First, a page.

March 2018 – Volume 2 Issue 14


In the last newsletter we told you about us being contacted by the National Institution for Health and Care NICE requestExcellence (NICE) and asked to complete a pro-forma application to formally request that NICE produce a much-needed Guideline on the diagnosis and treatment of Pernicious Anaemia. During November and December we contacted our ‘round table’ of healthcare affiliates which is comprised of doctors, health professionals and researchers and other scientists and asked for their comments on what should be included in the application.


We were delighted with the suggestions and would like to take this opportunity to thank those who responded to our request. In January, one of our volunteers who is a statistician used the figures from our survey to produce a monetary value of how many wasted hours of GP consultations were caused by the current diagnostic process. We were able to calculate that at the very least, and in the UK alone, the cost of repeated and futile GP consultation runs to several millions of pounds every year. We submitted our request in the last day of January and it will now be debated in NICE’s next bi-monthly Review Panel.

Cost Effective

Given that NICE needed to be convinced that they need to spending £750,000 on a guideline would be cost effective we are hopeful that NICE will decide to go ahead and develop Guidelines as to how doctors diagnose and treat Pernicious Anaemia.
As soon as we know what the outcome of our request is we will let you know so please keep an eye on the News section of the website.
A list of NICE Guidelines currently being developed can be found here:
Guidelines in Development


We submitted a Review of Current Treatment to the British National Formulary (BNF) last summer. The Review, written by Dr. Nicola Ward was in response to a request from the BNF who recommend that maintenance treatment be one injection four times a year. The report showed that the treatment of Pernicious Anaemia used to be an injection once a month; this was changed to once every two months in 1974 and then to once every three months in 1984.


There doesn’t seem to be any scientific basis for changing the treatment regimen and we want the BNF to state that treatment should be based on the individual need of the patient and, therefore, it should be for the patient and doctor to agree on a patient-centred treatment plan. We are aware that there are doctors who already do this, and we see this as examples of best practice, however, far too many doctors will not negotiate with their patient and will stick rigidly to the one injection every twelve weeks as stated by the BNF.


The frequency of injections is still the biggest cause of complaint by our members – nearly 78% of telephone calls to the office are about what patients believe to be inadequate treatment. We heard from the BNF in January of this year stating that our report was now being considered. Hopefully we’ll have some more news soon.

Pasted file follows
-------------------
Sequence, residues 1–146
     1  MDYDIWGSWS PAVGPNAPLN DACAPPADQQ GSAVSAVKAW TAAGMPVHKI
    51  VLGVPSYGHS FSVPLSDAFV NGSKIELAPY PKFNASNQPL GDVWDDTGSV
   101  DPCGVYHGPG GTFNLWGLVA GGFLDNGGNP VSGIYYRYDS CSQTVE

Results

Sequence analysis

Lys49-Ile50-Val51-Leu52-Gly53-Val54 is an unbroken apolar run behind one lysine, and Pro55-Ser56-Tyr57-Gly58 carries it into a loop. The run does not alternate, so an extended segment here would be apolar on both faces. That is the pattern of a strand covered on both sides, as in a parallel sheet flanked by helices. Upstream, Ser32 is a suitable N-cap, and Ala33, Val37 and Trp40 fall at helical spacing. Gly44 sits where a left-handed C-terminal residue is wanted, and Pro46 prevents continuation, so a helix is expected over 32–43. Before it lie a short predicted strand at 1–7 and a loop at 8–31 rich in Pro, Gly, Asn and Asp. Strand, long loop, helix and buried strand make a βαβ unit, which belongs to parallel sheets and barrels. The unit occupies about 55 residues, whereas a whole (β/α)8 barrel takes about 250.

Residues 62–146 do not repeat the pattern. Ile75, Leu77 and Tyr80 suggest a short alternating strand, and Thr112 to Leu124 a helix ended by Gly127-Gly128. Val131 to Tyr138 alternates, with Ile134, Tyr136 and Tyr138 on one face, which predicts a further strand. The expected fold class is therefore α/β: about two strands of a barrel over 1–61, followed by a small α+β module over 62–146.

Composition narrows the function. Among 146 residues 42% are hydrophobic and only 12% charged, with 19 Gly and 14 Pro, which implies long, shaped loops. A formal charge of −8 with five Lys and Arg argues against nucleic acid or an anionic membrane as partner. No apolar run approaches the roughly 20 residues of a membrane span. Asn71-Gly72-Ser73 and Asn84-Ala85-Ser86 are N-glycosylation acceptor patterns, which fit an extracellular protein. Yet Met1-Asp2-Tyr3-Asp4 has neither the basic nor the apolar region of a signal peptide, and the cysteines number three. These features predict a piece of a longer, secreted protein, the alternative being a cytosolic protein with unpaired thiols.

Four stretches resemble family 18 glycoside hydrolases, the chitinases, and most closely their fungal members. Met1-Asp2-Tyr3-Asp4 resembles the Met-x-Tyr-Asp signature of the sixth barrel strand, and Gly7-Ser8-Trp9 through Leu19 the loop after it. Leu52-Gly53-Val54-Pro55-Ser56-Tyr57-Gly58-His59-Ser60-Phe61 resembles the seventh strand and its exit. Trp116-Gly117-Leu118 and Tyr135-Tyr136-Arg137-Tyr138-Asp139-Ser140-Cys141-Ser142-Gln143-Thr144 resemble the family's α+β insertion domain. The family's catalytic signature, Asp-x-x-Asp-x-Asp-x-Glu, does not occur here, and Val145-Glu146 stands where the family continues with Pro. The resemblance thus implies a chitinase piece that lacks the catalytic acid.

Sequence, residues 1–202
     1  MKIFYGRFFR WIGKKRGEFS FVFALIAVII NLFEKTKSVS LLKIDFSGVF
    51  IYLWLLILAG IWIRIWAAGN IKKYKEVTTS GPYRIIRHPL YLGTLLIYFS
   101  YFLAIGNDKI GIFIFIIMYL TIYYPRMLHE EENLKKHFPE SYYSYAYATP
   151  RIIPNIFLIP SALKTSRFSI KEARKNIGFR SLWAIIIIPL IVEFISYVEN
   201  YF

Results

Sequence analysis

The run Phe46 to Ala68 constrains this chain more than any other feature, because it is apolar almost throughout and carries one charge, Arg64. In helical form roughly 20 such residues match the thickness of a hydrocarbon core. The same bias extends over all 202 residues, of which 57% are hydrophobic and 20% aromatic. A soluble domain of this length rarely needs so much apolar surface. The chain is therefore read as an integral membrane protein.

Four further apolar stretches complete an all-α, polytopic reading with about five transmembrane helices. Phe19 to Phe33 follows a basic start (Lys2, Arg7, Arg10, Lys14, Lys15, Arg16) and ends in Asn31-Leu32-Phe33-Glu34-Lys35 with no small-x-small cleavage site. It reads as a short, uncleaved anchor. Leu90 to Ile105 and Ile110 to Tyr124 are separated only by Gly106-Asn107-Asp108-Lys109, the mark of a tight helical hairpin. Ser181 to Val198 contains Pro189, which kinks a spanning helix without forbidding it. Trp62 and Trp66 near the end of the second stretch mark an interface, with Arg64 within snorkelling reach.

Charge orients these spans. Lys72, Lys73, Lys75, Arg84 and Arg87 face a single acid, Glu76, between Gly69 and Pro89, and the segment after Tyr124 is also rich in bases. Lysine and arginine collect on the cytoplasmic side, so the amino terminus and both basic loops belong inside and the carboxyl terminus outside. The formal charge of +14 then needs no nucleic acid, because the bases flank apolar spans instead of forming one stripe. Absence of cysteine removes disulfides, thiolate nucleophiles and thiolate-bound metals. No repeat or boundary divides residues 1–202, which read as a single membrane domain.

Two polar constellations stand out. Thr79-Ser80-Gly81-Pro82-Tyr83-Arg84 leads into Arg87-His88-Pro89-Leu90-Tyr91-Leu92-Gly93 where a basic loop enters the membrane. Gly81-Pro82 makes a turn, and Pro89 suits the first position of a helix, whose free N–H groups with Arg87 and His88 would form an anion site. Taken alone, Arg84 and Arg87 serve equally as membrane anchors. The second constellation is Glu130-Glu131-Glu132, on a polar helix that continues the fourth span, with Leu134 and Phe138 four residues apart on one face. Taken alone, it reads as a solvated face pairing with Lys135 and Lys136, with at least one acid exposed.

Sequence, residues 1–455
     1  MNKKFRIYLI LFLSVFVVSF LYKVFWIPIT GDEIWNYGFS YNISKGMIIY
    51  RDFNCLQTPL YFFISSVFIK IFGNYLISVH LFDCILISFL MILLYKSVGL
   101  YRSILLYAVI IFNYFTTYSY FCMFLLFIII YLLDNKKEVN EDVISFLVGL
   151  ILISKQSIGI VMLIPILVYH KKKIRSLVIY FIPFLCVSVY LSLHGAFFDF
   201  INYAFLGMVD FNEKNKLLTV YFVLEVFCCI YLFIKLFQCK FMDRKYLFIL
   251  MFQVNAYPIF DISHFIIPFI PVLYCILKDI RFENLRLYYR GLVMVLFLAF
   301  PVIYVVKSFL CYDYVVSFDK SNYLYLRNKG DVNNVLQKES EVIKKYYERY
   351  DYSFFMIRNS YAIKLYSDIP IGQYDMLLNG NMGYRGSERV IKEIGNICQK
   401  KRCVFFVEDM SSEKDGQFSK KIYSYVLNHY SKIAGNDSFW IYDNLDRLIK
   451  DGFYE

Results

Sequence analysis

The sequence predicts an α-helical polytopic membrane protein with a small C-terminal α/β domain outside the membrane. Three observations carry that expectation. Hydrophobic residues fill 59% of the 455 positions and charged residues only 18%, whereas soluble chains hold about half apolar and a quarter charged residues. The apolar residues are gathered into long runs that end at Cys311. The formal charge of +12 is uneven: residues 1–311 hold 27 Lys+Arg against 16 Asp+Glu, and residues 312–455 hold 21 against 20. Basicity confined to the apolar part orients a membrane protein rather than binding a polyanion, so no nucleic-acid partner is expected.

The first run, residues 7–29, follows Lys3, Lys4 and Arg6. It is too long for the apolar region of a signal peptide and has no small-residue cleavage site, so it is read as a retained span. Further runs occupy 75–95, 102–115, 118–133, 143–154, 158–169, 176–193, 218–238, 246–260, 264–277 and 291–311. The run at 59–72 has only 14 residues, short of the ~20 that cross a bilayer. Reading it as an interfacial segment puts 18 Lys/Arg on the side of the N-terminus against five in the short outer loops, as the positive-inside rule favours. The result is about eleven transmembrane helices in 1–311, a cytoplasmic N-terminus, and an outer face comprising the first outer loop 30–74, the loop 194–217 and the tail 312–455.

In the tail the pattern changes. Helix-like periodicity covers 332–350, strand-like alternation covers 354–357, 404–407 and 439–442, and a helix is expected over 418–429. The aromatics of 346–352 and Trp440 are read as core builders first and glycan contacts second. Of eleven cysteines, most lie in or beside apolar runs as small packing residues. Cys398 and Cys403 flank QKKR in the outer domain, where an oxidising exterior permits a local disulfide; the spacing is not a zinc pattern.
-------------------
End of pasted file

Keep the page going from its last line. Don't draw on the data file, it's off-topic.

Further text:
This society is proud of its links with researchers both past and present. There are two elements that we can help researchers with. Firstly we can Raise Awareness of the need for a particular aspect of Pernicious Anaemia that needs to be addressed from the patients’ perspective. Secondly, we can help recruit participants.
Las year three Masters Dissertations specifically addressed contentious issues associated with the diagnosis and treatment of Pernicious Anaemia. These include investigations into the Stigma amongst Medical Professionals towards Pernicious Anaemia, New ways to treat the disease and Managing Pernicious Anaemia – the patient experience, We have also helped recruit participants for programmes looking at how reflexology can help patients, along with two other investigations into the use of Reiki to help patients and whether patients benefit from acupuncture.
We are now busy developing a new online form where members who are interested in taking part in research proposals can register their interest. Please keep a lookout for this new facility over the next few weeks.

New Research

Childhood Trauma & Autoimmune Diseases

We have been contacted by a researcher at the University of East London who is conducting research into autoimmune and rheumatic diseases and childhood trauma. She is interested in exploring whether there is a link between these two and has developed an online questionnaire to collect data.
To take part in the programme please complete the questionnaire here

Genetics of Pernicious Anaemia

There is an exciting development in the investigations into the genetics of Pernicious Anaemia. Although this has taken a year for the project to be designed it seems it is now making good progress and the research team is now in place. We are part of the research programme and will be recruiting around 200 members who have a firm diagnosis of Pernicious Anaemia and who have a family history of the disease to provide a saliva swab and maybe a small blood sample. This will be the second research programme we have taken part in that has looked at the genetics of PA but this one will be much bigger than the last.

Pin Prick Monitoring Test